Word of the day: (the) MSM

MSM sounds like an unfortunate disease that someone might suffer from – a cancer that’s spreading and eating away at your insides, for instance. Maybe that similarity is deliberate, because what we are talking about here is the mainstream media, and many of those who use the acronym (the) MSM believe that it’s also something that’s infectecting the body politic in the UK (and maybe beyond). That’s because these people see the MSM as deeply biased and having a hidden agenda, which is often associated with supporting or propping up the elite. MSM has flourished as a hashtag on social media, partly because different groups in society have radically different views about who the elite actually are. On the one hand, some see the MSM as representing a liberal metropolitan elite who are basically forcing acceptance of socially liberal attitudes, particularly gay lifestyles, transgender rights, free immigration and support for minorities, legalised drug use, non-religious (secular) attitudes, and so on. People complaining about this MSM bias will talk about political correctness gone mad and how you can’t say anything anymore. On the other hand, you have the MSM representing wealth and finance, promoting a neo-liberal hyper-individualised view of society, where we’re all in competition with each other. People here will complain about fat cats and bosses screwing workers over. In either case, the MSM is seen as prioritising stories that support their agenda and avoiding stories that challenge it and undermine the elite.

Here are some patterns and collocations that I’ve seen in various tweets:

The MSM has been complicit in ….

The MSM is submissive in not challenging …

Shame on all MSM!

MSM not reporting this!

The MSM never talk about …!

MSM covering X, but ignoring Y..

Nothing but lies from the MSM; the #MSM can’t deny facts forever.

MSM bias is evident in what is covered, but more telling in what isn’t covered.

X is imploding / falling apart / getting away with murder, but not a word from the MSM.

More fake news from MSM

In the UK, MSM may often be replaced in these kinds of tweets with the BBC. As the national broadcaster, the BBC is supposed to be impartial, yet it is often described as both being riddled with lefties and also totally biased to the right. Could both viewpoints be true?

Well, it would be fair to say that in terms of its fictional output and arts coverage, the BBC can be seen to be fairly liberal and you might say even on the left. Diverse groups are represented, storylines in soaps focus on social issues, comedy tends towards the left of centre. When it comes to news programming, and in particular economics and politics, there is a tendency towards right of centre. Studies have shown that ‘expert’ commentators come more from business than from unions, and promote traditional free-market solutions rather than alternative models. Political news often takes the agenda from the legacy newspaper media, which is privately owned and is almost exclusively centre and centre-right. So for example, the BBC’s flagship morning news programme – Radio 4’s Today – will have a review of the papers. These headlines are often picked up on and form the focus of interviews. The interviews become leading headlines on the news bulletin, etc. In recent times, there has also been criticism that the news agenda is set by statements from ‘anonymous sources from within number 10’, which are then repeated uncritically.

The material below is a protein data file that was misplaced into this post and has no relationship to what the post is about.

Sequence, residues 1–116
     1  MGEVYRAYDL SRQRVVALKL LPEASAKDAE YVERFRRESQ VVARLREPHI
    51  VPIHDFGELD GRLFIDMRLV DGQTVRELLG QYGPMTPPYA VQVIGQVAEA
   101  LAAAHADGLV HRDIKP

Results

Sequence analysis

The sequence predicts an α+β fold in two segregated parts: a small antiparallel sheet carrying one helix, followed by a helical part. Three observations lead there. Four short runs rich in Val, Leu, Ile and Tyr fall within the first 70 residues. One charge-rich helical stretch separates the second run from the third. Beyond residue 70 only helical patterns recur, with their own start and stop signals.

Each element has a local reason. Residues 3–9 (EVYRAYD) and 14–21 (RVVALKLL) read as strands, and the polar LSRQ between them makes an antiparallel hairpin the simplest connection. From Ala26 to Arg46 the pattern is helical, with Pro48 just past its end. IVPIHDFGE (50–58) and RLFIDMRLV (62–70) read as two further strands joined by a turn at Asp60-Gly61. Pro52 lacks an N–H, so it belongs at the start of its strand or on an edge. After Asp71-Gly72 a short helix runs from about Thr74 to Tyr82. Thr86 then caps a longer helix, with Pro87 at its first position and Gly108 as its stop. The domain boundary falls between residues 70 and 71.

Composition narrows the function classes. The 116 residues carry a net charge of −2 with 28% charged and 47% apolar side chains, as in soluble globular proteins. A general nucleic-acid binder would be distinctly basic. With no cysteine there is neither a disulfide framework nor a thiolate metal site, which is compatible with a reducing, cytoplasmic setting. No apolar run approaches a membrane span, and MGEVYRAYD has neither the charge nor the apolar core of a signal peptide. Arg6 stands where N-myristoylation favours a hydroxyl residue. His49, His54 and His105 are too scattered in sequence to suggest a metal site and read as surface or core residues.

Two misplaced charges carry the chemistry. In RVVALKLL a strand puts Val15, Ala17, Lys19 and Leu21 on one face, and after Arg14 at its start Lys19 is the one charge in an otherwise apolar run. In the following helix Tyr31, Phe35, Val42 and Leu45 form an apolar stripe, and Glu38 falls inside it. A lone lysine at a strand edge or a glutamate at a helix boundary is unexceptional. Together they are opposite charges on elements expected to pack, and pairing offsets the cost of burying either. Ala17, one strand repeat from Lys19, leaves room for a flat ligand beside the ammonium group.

Work in groups. Discuss these questions.

• What is the MSM in your country?
• Who funds / owns the mainstream media where you live?
• Do you think it is biased? If so, towards who or based on what agenda?
• What stories do you think have been covered too widely? And what stories do you feel have largely been ignored?
• What media do you watch/read?

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2 Responses

  1. PatG says:

    Amazing and timely post guys. Great work. These posts keep my classes going. Students love them and teachers can certainly learn a lot about lexical chunks/patterns from your posts.

    Keep up the great work guys. Unfortunately my school is in thrall to bloody TBL ( I can’t stand it as a methodology) . These posts are a great corrective to that so thanks.

    Wishing you guys a very happy holiday and a healthy New Year.

    • Hugh Dellar says:

      Thanks Pat. Glad you find these useful.
      We enjoy writing them!

      I’m not opposed to TBK, just never understood why you can’t also predict (and pre-teach) some language in advance. As we discuss in the intro to TEACHING LEXICALLY, expecting a teacher to provide the bulk of the input post-hoc is both incredibly demanding and – perhaps ironically – very teacher-centred! That said, the idea of performing sensible tasks a few times, with bursts of feedback in between, is very much something we do ourselves, so there is SOME common ground!

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